The other day, I mentioned to Diana that she should send a copy of our Visitor's Guide to her exchange partner in Germany. It lists all the hiking trails, interesting community events and other cool stuff about our town. She said she doesn't know how to format the letter.
Me: "You're not writing a letter. You're just mailing her the guide."
Diana: "Yes, I know. I don't know the format for mailing that."
Me: "You mean where to put the main address, return address & stamp?"
And it's true! All her correspondence is over the internet, or on the phone. She sees me sending out Christmas cards once a year, and receives birthday cards, etc. herself. But actually mailing something? Especially something that's not a regular letter? She doesn't have a clue.
Flashback 30 years to Carolyn & I at home. My mom said we could use her old typewriter. This thing was from the '50's. If you hit more than 3 or more keys at once, they'd all bunch up at the ribbon.
We had lots of paper, so we'd play boss & secretary. We'd alternate being both. The boss was usually someone in the entertainment industry. An agent, or something like that. We wanted to make up interesting people to write to (and have write back).
First, there would be the applicants for the secretary job. This took the whole morning. The eventual secretary would have to play out all of the applicants, of course. And she'd have to have just one be acceptable, so she'd have to play really awful applicants for the rest - some went as far as writing for the gender question, Sex: M or F - "No way!! Are you kidding? I'm a Virgo!!" (keep in mind, we had to type up all the applications - altho we had some carbon paper, which was what started the whole game in the first place).
Once the boss hired the secretary, she would dictate while the secretary wrote "shorthand" notes. Then the boss would have to wait while the secretary typed the original letter, plus the responses from the movie & TV stars. The boss would usually go and make lunch for herself and the secretary (altho we pretended it was going to a restaurant). Neither Carolyn or I were very good typists at ages 11 and 13.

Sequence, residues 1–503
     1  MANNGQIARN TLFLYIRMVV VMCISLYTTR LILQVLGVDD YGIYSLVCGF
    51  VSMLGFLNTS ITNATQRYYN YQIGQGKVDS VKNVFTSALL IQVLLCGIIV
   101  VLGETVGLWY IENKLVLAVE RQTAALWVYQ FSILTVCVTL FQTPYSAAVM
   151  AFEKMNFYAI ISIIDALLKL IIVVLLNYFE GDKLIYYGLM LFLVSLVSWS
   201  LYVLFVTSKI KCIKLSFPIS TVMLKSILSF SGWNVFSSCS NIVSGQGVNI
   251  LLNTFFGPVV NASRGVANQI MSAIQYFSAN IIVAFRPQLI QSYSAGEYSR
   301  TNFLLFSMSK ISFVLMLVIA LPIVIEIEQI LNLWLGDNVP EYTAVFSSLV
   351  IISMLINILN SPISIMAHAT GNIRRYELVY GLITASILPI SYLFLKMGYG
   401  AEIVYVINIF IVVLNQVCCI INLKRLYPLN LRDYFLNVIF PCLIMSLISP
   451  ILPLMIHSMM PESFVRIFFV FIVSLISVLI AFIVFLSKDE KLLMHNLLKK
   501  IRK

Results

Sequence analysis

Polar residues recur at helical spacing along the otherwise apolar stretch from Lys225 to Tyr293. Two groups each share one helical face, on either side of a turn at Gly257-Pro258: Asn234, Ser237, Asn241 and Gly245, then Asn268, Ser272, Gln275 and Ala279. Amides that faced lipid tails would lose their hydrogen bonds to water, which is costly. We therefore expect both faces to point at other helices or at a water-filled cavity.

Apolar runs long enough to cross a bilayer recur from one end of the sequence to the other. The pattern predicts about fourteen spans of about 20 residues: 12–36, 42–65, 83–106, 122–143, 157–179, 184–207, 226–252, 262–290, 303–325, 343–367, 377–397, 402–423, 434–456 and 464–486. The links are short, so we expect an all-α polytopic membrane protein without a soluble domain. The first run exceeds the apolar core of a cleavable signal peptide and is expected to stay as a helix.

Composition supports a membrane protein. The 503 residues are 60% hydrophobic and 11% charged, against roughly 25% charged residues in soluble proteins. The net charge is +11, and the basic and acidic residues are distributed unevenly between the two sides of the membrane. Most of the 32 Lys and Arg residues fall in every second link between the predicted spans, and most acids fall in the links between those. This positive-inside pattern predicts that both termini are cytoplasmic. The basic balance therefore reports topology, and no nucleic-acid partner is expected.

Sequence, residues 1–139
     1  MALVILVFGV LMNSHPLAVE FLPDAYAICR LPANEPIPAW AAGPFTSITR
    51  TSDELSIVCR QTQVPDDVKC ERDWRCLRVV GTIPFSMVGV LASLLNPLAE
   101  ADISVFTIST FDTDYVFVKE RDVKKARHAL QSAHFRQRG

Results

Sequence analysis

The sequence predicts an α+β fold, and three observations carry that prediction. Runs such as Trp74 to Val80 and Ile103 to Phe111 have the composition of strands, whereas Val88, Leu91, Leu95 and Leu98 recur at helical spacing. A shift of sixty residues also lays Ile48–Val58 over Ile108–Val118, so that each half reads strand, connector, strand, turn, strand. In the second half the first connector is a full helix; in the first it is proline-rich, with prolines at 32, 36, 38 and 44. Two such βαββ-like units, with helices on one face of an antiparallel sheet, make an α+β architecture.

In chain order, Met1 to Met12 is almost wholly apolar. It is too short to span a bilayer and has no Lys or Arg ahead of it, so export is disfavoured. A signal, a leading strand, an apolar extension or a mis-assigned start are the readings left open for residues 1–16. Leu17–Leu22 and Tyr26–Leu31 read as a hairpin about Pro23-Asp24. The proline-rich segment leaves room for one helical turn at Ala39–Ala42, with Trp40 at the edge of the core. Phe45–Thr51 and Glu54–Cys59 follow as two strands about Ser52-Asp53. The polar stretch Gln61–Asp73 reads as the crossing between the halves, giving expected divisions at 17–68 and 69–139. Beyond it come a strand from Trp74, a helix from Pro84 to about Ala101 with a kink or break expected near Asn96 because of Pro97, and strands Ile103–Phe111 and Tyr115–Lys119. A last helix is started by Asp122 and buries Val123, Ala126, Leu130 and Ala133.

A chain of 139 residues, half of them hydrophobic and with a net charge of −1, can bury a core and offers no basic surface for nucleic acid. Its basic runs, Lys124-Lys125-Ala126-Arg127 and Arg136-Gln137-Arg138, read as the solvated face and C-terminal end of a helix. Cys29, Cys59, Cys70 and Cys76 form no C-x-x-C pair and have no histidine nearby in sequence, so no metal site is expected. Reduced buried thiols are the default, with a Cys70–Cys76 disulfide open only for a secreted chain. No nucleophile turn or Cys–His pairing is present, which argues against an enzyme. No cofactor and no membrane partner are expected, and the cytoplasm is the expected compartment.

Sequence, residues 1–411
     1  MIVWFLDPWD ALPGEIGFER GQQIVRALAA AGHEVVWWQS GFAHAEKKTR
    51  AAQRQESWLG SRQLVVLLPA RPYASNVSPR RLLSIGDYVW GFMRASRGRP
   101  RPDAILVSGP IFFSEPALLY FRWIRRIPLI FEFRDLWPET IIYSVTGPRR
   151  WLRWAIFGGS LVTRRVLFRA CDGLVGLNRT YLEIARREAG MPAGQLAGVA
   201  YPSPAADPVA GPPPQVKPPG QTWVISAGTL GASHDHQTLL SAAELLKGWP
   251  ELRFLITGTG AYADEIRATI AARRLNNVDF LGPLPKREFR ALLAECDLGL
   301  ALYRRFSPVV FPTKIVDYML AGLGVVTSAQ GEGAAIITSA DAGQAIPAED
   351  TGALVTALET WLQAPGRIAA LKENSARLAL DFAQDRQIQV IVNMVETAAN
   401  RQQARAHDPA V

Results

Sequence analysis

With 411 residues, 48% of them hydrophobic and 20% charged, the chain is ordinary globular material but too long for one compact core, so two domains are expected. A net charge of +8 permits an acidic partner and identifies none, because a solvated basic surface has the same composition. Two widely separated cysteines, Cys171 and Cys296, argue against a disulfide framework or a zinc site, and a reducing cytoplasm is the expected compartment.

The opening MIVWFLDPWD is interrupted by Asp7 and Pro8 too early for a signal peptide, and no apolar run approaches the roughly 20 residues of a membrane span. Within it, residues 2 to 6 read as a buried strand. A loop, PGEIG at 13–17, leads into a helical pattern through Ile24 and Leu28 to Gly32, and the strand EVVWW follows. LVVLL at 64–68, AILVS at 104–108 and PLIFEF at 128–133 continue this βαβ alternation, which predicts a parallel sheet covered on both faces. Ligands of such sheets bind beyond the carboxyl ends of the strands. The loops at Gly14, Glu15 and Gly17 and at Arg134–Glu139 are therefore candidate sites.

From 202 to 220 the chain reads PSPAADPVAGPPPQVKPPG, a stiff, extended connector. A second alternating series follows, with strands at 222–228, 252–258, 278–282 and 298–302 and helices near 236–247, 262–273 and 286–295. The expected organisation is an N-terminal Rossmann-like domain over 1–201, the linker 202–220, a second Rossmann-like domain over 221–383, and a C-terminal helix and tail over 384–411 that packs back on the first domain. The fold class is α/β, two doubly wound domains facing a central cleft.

Being the people we are, we'd usually do our best to crack each other up with the responses from the stars. But hey, we did know how to address an envelope!! And my mom was probably thinking that typewriter was the best toy she'd ever found stashed in the back of her closet.
We also used to play Store. I wanted to learn to make change, so we cut up little circles for change, and made bills. And then we used the carbon paper again to make checkbooks - they didn't have any registers, heh. And everything in our rooms had pricetags on them, for the next time we played.
Our kids today? Well, they sure can type a lot faster. And they don't even have to make up people to answer their questions! Diana was impressed with a typewriter we had, because it printed as you went. But she didn't have a sister to play boss & secretary. Trevor is not up for something like that :)
I guess I'll have to take her on a tour of the Post Office so she can learn how to pack & address a large size envelope or package. I still need to mail Carolyn her Lemon Coolers (whoops - sorry! I haven't seen your check yet...). At least we still have Post Office stations around town we can use. Ebay will keep that alive for at least this decade, ya think?